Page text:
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If you are a landowner in an area inhabited by rabbits, these notorious predators will cause irreparable damage and cost you time, money and great deal of frustration!
The amount of damage it will inflict can be detrimental to your entire investment for the planting season and in this case, prevention is always better than the cure.
Rabbits can affect your property in a number of ways. The two most common problems are:
They will target almost any type of fresh vegetation and particularly enjoy eating your newly planted natives and specimen trees.
Past Control Efforts
Men at their campsite displaying their catch of rabbits and fish (1909). Image credit: National Library (via Wikimedia Commons).
Since the introduction of rabbits in the early 1800's there has been a number of major plagues in New Zealand with devastating results for landowners. Many landowners were bankrupted in the early years due to forced stock reductions and large areas of farmland were abandoned. The government tried many ways to control rabbits including trapping, poisoning, shooting, erecting rabbit fencing, introducing predators and viral diseases. A lot of these efforts had some success, but it is fair to say that rabbit elimination seems impossible to many frustrated farmers and landowners
Rabbits tend to follow pretty reliable meal schedules. For the most part, they eat first thing in the morning at daybreak and then again right in the beginning of the evening. In saying that, many of our customers who have been stuck home with Covid restrictions have noticed them enjoying the repast during the day as well!
Rabbits are quite choosy with their eating. They're usually much more enthusiastic about consuming foliage than stems, for example. They also prefer to eat new plants whenever possible. Dry plants are not a priority for them. Their menus differ slightly depending on the season. In the coldest times of the year, they eat lots of green vegetation, woody shoots, tree bark, conifer needles and buds. In the spring and summer, they turn to agricultural crops, flowers, grasses and clovers.
There are really only two things you can do with rabbits eating plants. You can either exterminate them (expensive and time consuming, although funding assistance is sometimes available) or just keep them at bay from your new plants while they get established (less expensive).
There are several methods of protecting your new plants from Rabbits.
One of the quickest methods of keeping rabbits away is the use of spray-on repellents. Animal repellents have been used as far back as 1993 by large forestry companies on millions of conifer and deciduous trees of various species. Repellent is applied as a liquid using a pressure sprayer so this is one of the easier methods of applying protection. Simply walk between each plant with a backpack sprayer.
Repellent also works on larger wild herbivorous animals such as hares, opossum, deer and works well when paired with a plant guard to protect the upper foliage.
Repellents work by either tasting bad, or by tasting and smelling bad. The key thing is to choose one that smells bad so the rabbits are repelled before they take their first bite!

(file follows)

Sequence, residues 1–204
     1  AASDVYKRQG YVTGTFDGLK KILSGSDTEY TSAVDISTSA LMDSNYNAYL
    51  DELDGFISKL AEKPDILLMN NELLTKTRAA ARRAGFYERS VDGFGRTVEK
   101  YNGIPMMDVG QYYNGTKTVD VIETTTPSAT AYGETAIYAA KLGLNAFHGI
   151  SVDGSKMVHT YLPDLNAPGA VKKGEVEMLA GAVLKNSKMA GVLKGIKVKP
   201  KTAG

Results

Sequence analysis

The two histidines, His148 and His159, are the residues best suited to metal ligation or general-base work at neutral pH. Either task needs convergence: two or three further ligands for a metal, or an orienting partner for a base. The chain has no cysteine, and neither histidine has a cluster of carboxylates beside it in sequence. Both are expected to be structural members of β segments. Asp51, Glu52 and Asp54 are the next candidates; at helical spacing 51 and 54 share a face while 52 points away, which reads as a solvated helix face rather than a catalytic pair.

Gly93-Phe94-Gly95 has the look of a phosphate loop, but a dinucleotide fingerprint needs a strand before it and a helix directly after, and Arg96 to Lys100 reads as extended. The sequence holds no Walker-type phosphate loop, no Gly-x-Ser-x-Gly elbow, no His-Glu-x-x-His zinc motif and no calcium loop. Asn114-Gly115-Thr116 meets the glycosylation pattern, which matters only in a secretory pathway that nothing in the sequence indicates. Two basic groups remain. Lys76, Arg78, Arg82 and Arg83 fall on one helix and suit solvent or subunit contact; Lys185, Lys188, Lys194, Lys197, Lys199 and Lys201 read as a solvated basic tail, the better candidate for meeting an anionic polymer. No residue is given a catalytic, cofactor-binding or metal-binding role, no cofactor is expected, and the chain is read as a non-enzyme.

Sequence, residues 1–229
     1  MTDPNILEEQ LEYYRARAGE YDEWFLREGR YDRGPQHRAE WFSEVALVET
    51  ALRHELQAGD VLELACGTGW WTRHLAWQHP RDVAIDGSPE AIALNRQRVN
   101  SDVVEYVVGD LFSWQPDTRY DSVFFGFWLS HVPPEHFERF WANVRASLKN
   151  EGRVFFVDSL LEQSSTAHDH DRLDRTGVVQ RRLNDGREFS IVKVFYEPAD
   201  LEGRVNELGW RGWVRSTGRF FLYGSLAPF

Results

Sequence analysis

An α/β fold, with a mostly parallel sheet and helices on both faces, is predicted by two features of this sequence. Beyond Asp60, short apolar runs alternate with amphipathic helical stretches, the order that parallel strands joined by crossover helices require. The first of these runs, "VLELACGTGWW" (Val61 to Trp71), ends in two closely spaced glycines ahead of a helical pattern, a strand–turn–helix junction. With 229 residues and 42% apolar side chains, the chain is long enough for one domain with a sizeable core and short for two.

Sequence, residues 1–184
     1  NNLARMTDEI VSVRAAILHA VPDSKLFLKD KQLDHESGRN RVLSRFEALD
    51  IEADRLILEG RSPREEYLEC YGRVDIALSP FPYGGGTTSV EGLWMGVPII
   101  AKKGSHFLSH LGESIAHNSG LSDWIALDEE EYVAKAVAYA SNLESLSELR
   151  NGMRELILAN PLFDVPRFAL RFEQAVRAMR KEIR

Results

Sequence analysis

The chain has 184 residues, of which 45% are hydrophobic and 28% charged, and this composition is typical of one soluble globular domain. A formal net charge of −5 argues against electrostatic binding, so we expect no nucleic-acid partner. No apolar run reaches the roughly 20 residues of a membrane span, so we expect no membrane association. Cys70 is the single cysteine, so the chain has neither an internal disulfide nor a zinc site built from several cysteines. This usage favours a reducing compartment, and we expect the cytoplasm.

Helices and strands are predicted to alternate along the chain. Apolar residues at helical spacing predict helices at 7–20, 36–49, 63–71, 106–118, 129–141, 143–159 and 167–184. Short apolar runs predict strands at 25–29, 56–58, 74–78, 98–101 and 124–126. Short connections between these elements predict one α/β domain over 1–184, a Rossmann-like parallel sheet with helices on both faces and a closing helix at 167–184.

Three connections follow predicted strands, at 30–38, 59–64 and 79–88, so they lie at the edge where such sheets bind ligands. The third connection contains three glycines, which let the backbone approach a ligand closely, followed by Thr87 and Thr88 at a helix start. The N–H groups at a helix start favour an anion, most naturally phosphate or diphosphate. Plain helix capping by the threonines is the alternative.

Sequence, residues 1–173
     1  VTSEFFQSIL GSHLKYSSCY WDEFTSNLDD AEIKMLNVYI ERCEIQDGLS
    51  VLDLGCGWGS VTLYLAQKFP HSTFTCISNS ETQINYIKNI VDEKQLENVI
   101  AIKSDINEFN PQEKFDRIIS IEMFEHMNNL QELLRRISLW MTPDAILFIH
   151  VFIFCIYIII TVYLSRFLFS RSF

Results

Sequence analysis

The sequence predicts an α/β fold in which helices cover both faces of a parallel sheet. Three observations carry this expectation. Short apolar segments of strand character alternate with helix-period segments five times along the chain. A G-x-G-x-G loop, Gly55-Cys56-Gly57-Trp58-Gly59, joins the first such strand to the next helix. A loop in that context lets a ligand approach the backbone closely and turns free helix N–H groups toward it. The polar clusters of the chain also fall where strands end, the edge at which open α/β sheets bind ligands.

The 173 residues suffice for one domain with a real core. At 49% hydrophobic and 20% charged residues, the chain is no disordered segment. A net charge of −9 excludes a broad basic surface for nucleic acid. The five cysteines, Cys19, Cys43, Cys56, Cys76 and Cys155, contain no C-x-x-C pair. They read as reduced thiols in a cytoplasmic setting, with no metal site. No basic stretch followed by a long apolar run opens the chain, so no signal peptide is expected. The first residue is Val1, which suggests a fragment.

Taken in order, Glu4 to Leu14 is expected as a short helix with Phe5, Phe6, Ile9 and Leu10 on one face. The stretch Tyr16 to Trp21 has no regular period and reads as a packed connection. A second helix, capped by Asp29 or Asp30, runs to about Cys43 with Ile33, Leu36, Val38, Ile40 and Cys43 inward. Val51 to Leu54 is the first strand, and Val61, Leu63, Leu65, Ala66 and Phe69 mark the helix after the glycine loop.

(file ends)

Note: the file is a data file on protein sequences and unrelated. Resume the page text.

The only downside with repellents is that they need to be reapplied again between 3 and 6 months depending on the growing stage.
We always recommend going the NATURAL way with the rabbit repellent to keep nearby animals and humans near safe.
1. Biodegradable Guard
As we move to a greener more sustainable world, biodegradable guards are becoming more and more popular.
These NZ Made guards effective and are available in 300mm, 450mm and 600mm height. They are a triangular shape with sloped design for easy placement on hillsides making it the perfect candidate for riparian planting. We always recommend this near a waterway or in coastal areas where there is a risk of the guard washing out to sea.
2. Solid Wall Plant Guards
Solid Wall guards are another effective way of keeping rabbits out and come with several advantages:
Solid wall guards come in various forms including square, triangular, and tubular. They are easy to erect and are secured to the ground by a stake. They are better suited to smaller plants as their internal diameter maxes out at about 150mm. They also have translucent walls allowing light to penetrate the walls. This means small plants can be used saving cost.
Various heights are available, but 300mm is ideal for rabbits and pukekos, while 450mm/600mm will keep out hares and opossums, and 1.2m will keep out sheep, goats, cattle & deer.
We recommend checking to see if your supplier can recycle the guards once you are finished with them.
3. Mesh Shields
Mesh is available in a range of different options. Galvanised mesh, with or without PVC coating, can be purchased in rolls and cut to whatever length is required. Plastic mesh is also available in rolls and is easier to handle. As any length can be cut from the roll, it is possible to make any diameter shield so protecting larger shrubby plants is no problem. There is also the availability of a 1.7m high Maxi shield for when you have cattle, deer or sheep grazing around your plants.
Installation involves cutting enough off the roll to circle the plant, wiring or cable-tying the ends together and then staking into the ground.
Plastic mesh is also available in tube form, in either rolls or pre-cut lengths. This speeds up installation somewhat with a diameter of about 250mm.
Although there are multiple options, we recommend going with what works with your budget and the time and resource you have available to install, see the quick guide below:
Want the most Cost-effective guard? CombiGuard
Want to go the Biodegradable way? FiberGuard